Through the din, teachers learn to hope

CASE STUDIES
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The Independent Online
WENDY BERLINER

Rajvinder Dhillon has 38 children in her class of eight- and nine-year- olds in Maulden Lower School, Bedfordshire. Qualified for just over a year, she has never had a class of under 30 even in her teaching practices.

A fit and energetic 23-year-old, she feels she can manage the class effectively because she has a full-time non-teaching assistant and many parents willing to help out.

"Without them I'd manage but I would suffer. The children wouldn't.

"You could have 40 or 50 in here and I would cope. I would not let it affect the children," she said.

Maulden Lower is a village primary with 146 four to nine-year-olds. It is a popular school which, in an ideal world, could do with one more classroom and one more teacher.

Rajvinder Dhillon's classroom is large and she is extremely effective at managing the class. But the teaching space is still cramped and some of the children bemoan the time it takes to get an answer to their questions or their maths corrected.

One of the pupils, eight-year-old Abigail Hazel, said: "People give you a headache when they all shout at once."

The school head, Mike Jarvis, said: "When I first started teaching in 1966 I had 44 in my class but we were working with groups then rather than with individuals.

"Now there are higher levels of monitoring and assessment and we teach other things such as information technology, personal and social education and citizenship.

"You can teach a class of 44 to read and write but can you teach them to love literature? Quality of teaching is obviously the key to education whatever the size of class but, if we are looking for genuine education rather than instruction, class sizes in their 20s are obviously preferable.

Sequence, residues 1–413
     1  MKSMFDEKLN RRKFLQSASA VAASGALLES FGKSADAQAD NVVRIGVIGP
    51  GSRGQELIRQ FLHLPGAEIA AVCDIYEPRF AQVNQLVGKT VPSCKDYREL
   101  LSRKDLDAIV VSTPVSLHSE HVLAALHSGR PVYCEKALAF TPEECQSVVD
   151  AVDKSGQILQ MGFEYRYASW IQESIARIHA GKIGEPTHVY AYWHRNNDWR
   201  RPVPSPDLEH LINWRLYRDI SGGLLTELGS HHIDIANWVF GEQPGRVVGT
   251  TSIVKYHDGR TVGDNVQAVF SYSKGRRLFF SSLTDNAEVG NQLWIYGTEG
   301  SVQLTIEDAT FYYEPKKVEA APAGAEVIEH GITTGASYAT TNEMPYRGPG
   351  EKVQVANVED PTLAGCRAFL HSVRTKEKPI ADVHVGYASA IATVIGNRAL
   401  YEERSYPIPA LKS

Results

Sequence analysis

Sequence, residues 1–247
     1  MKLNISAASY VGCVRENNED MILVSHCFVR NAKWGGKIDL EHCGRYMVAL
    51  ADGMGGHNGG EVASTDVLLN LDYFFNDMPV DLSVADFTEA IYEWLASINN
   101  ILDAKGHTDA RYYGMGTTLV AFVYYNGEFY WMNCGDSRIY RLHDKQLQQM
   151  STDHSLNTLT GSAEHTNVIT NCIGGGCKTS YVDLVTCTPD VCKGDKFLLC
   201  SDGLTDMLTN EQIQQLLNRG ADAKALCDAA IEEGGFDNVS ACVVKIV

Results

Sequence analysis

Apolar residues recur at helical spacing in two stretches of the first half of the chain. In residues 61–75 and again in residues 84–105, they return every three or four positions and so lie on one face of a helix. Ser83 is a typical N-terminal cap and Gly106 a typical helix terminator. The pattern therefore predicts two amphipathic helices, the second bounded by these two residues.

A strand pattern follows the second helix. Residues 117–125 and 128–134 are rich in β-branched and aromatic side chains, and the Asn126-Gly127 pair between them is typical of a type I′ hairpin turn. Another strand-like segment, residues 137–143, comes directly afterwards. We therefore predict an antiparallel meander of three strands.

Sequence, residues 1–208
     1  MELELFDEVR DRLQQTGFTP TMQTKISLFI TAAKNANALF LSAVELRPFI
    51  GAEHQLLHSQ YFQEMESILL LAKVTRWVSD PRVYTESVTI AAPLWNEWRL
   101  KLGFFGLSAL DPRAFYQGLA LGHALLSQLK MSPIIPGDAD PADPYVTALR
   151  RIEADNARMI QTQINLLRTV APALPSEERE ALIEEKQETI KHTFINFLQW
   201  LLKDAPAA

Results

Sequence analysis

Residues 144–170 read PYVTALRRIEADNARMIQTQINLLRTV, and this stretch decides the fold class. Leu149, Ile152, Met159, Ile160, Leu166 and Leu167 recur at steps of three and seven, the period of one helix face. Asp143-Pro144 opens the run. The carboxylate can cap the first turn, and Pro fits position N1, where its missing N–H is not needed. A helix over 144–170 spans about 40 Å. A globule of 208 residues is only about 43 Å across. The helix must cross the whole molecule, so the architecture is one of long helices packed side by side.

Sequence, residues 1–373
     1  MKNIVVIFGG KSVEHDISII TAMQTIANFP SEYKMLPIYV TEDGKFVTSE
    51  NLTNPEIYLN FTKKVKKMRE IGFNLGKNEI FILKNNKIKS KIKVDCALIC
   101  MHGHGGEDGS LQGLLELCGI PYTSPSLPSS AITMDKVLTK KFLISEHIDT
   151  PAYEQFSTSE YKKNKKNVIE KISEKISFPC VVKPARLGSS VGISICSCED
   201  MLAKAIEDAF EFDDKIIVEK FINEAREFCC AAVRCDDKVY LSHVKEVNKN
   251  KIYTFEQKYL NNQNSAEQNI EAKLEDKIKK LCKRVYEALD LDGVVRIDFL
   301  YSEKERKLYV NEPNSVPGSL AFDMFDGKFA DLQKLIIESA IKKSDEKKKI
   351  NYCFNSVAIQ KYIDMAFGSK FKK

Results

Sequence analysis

"In a large class you would tend to deliver the national curriculum to an adequate level. With smaller numbers a teacher can teach to a higher level across all areas of the curriculum.

"As a parent I would say I don't want my child just educated to an adequate level. Parents in the 1990s expect more."

Back in the class, some of the children have to crane their necks to see the picture of a dragon held up by their teacher. If noise levels rise she is quick to take control.

She manages to speak to every child every day but only because she makes herself accessible during breaks and most of her lunchtime.

"You just accommodate to it. They are not learning any less or any more. I know someone in Luton who is teaching a class of 43, some of whom don't speak much English, with no teaching assistant. I think we are actually very lucky."

She works from 8am till 5pm and does marking or preparation for about two or two and a half hours every night but Saturday.

"I can be marking and feeling really tired and then everything is better because I come across a story that makes me laugh or I'll find a page of maths work from a child who has been having difficulty and I'll think 'great, he's finally got it'. No matter how I feel or what kind of mood I am in, once I come in and see them all its wonderful again."

Mr Jarvis said: "Primary culture is an optimistic one and when you are young you think everything is possible though that class is a highly productive one and she has reached very high standards, I would much prefer her to have 25."

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